Friday, July 16, 2010

This week high school students in our youth group at First Baptist will travel to Big Bend to enjoy an adventure in the great outdoors.  They will participate Outbound.  The youth will go hiking, white water rafting, rock repelling, and much, much more.  Along the way, they will learn more about leadership skills, relationships, creation, and God.  They will gain insights that someone can only gain when engaging in both fun and hard work, community and self-reflection.  Their relationships with each other and God will surely be strengthened.

Often times, this kind of growth is seen as preparing them for the future.  Their relationships with God and each other are strengthened, so that some day they can be responsible, thoughtful, and contributing adult Christians.  Youth have tons of potential and trips like Outbound nurture that potential and help it to fully flourish.

However, while there is a lot of truth in these ideas, it is dangerous and unfair to see teenage members of our church as only potential, as people who will one day in the far future offer gifts to the Church and their community.  When we view teenagers and children only as being in a preparatory state, we ignore the contributions they share with us now.  We often forget that they are contributing children of God’s Kingdom today, not ten years from now.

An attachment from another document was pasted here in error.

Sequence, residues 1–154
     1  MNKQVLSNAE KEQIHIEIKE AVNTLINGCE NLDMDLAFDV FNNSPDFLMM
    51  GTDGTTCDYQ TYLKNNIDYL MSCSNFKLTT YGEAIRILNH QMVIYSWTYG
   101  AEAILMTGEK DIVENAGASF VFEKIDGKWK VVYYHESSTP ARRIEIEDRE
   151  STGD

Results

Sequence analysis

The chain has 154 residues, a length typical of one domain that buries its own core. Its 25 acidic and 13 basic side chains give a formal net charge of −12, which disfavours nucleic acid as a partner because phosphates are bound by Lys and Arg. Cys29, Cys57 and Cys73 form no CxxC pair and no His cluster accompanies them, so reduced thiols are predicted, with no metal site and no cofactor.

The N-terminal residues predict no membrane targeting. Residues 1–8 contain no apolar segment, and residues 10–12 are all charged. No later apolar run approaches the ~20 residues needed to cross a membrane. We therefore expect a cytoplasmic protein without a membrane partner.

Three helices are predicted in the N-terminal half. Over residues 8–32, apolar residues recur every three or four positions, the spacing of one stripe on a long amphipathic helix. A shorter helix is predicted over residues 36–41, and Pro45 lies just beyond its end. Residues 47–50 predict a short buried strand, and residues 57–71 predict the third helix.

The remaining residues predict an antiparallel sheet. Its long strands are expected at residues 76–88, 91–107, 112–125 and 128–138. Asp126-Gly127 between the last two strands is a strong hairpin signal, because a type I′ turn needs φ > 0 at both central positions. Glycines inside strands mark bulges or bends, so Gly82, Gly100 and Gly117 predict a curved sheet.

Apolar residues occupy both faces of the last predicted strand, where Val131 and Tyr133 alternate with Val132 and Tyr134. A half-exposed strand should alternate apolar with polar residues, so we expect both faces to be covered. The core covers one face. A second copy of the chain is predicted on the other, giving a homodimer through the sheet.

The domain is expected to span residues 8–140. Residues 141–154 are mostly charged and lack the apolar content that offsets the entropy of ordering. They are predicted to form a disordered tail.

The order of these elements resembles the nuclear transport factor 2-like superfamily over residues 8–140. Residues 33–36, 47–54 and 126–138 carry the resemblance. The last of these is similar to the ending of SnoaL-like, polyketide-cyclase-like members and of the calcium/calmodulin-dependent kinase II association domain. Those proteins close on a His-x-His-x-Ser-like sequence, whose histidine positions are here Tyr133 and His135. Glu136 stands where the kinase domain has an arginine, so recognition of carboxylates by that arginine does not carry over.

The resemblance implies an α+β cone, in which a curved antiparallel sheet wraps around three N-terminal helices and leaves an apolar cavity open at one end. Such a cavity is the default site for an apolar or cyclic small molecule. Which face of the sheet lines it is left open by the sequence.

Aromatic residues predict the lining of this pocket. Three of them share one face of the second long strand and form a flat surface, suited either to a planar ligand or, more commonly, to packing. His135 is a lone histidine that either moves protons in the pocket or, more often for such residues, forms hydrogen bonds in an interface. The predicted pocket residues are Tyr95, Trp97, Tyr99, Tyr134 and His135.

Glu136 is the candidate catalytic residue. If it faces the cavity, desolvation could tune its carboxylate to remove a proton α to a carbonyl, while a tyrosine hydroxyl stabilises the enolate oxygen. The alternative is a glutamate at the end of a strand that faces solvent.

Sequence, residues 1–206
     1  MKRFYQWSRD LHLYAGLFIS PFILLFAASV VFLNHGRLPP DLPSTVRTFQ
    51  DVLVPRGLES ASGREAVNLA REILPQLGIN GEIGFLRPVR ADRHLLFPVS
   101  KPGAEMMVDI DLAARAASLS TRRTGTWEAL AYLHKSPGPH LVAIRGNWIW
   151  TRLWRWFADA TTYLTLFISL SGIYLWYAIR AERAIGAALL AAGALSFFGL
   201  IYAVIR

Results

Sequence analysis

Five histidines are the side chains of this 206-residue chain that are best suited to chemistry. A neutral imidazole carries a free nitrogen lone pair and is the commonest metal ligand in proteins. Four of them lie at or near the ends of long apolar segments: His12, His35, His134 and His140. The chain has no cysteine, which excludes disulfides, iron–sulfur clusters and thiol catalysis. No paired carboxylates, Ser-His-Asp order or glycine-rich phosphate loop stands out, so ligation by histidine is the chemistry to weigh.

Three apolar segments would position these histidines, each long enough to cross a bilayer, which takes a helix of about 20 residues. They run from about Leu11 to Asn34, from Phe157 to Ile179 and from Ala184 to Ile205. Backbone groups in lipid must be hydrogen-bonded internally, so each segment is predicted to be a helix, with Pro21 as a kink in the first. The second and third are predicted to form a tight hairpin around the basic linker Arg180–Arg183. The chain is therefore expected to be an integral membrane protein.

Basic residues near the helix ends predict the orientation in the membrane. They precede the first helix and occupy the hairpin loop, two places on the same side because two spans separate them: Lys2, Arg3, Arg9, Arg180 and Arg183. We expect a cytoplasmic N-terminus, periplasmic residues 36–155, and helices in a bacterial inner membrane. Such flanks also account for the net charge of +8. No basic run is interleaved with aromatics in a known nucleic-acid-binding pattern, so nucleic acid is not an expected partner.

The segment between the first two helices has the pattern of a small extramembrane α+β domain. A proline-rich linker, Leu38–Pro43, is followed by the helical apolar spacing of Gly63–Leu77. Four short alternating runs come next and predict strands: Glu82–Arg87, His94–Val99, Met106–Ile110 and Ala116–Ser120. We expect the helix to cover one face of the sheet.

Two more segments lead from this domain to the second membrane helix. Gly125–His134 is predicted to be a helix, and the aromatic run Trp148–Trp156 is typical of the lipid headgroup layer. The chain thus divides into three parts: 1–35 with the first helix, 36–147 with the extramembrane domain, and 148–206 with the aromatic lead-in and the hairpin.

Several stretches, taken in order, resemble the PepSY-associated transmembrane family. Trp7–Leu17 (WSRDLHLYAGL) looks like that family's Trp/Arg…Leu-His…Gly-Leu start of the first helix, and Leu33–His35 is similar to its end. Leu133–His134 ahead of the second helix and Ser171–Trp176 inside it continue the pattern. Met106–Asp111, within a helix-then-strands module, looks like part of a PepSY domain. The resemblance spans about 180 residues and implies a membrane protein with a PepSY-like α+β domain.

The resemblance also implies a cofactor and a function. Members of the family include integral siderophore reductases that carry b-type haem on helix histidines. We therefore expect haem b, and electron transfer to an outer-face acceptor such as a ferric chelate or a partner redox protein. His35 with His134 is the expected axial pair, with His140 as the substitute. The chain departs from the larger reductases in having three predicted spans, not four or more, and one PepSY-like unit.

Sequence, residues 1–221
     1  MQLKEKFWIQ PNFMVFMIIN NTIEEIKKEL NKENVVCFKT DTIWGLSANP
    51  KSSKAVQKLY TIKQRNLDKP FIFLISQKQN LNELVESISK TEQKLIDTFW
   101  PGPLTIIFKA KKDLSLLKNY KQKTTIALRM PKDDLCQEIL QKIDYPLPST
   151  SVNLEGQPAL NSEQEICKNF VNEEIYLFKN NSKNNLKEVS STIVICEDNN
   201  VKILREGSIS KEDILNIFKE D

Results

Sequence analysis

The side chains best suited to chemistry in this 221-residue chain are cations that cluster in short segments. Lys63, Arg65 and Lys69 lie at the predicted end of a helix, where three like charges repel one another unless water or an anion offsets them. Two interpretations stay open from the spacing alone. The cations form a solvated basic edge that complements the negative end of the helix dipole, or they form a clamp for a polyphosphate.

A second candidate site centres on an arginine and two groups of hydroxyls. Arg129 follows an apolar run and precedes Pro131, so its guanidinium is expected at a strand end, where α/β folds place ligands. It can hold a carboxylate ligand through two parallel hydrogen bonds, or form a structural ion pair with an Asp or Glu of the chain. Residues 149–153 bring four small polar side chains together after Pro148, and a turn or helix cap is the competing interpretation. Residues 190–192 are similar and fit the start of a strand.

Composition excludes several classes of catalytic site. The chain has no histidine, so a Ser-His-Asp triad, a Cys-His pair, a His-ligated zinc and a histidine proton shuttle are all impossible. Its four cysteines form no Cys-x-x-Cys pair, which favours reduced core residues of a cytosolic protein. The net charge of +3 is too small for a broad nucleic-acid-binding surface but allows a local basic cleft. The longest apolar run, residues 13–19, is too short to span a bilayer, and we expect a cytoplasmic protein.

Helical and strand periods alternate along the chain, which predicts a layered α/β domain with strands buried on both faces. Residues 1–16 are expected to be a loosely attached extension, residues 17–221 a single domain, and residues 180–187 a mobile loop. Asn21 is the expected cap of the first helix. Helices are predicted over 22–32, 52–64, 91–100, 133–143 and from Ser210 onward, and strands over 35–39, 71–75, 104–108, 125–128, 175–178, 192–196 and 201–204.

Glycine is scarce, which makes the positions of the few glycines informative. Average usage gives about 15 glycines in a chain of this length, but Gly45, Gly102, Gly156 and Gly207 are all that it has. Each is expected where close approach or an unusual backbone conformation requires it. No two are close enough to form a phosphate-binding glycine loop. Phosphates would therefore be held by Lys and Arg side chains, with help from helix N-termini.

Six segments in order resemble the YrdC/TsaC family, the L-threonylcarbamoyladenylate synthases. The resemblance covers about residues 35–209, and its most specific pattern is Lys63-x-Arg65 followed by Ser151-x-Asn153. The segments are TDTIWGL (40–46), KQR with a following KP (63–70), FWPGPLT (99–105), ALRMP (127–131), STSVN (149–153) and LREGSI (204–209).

As the intern at FBC, I had the opportunity to spend an entire week with the youth group at camp in Sherman, TX.  Each night, we would sit to debrief the day’s activities.  We would share what we were learning and encourage each other.  During our time as a youth group, we named the gifts that we saw in each other.  It was a powerful experience that reminded me that each member of our church has gifts to share with us now – especially the members of our youth group.  Their kindness, intelligence, humor,generosity, and unique perspective are vital to our community and the Kingdom of God.  Their gifts are to be used now, not just when they reach some mark of potential in the future.
So next week, find a member of the youth group who went to Outbound.  Ask them what they learned on the trip.  Ask them what they think about God.  Ask them how they see the world around them.  Instead of simply encouraging their potential, receive the gifts from God they offer to you.

Amy Wiles, pastoral intern, FBC, Austin, TX


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